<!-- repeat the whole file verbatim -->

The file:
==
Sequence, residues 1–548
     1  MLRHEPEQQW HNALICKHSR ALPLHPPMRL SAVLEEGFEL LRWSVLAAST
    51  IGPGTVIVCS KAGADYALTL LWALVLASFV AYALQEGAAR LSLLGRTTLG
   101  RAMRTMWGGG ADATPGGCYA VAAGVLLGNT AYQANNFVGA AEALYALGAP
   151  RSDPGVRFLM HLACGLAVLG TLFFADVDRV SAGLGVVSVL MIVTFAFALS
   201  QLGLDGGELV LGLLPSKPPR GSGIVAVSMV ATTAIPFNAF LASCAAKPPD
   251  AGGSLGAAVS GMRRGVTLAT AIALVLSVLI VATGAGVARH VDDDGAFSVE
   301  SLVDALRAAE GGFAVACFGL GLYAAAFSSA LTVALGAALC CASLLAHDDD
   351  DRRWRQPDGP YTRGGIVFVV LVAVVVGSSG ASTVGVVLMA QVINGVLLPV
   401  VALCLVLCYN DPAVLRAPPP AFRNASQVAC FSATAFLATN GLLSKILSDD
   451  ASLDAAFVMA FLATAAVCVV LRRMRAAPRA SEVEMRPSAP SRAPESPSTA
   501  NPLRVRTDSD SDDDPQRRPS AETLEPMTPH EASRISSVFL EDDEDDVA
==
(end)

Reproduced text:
Sequence, residues 1–548
     1  MLRHEPEQQW HNALICKHSR ALPLHPPMRL SAVLEEGFEL LRWSVLAAST
    51  IGPGTVIVCS KAGADYALTL LWALVLASFV AYALQEGAAR LSLLGRTTLG
   101  RAMRTMWGGG ADATPGGCYA VAAGVLLGNT AYQANNFVGA AEALYALGAP
   151  RSDPGVRFLM HLACGLAVLG TLFFADVDRV SAGLGVVSVL MIVTFAFALS
   201  QLGLDGGELV LGLLPSKPPR GSGIVAVSMV ATTAIPFNAF LASCAAKPPD
   251  AGGSLGAAVS GMRRGVTLAT AIALVLSVLI VATGAGVARH VDDDGAFSVE
   301  SLVDALRAAE GGFAVACFGL GLYAAAFSSA LTVALGAALC CASLLAHDDD
   351  DRRWRQPDGP YTRGGIVFVV LVAVVVGSSG ASTVGVVLMA QVINGVLLPV
   401  VALCLVLCYN DPAVLRAPPP AFRNASQVAC FSATAFLATN GLLSKILSDD
   451  ASLDAAFVMA FLATAAVCVV LRRMRAAPRA SEVEMRPSAP SRAPESPSTA
   501  NPLRVRTDSD SDDDPQRRPS AETLEPMTPH EASRISSVFL EDDEDDVA